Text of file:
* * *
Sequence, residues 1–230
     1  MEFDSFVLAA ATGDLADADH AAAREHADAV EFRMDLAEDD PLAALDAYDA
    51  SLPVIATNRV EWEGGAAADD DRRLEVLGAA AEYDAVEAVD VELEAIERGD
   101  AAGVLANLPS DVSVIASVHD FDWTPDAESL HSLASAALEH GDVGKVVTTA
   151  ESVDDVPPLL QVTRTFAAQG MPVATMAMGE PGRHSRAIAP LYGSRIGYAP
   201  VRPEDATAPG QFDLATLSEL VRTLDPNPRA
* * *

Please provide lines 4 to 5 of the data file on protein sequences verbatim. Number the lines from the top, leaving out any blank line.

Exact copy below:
   101  AAGVLANLPS DVSVIASVHD FDWTPDAESL HSLASAALEH GDVGKVVTTA
   151  ESVDDVPPLL QVTRTFAAQG MPVATMAMGE PGRHSRAIAP LYGSRIGYAP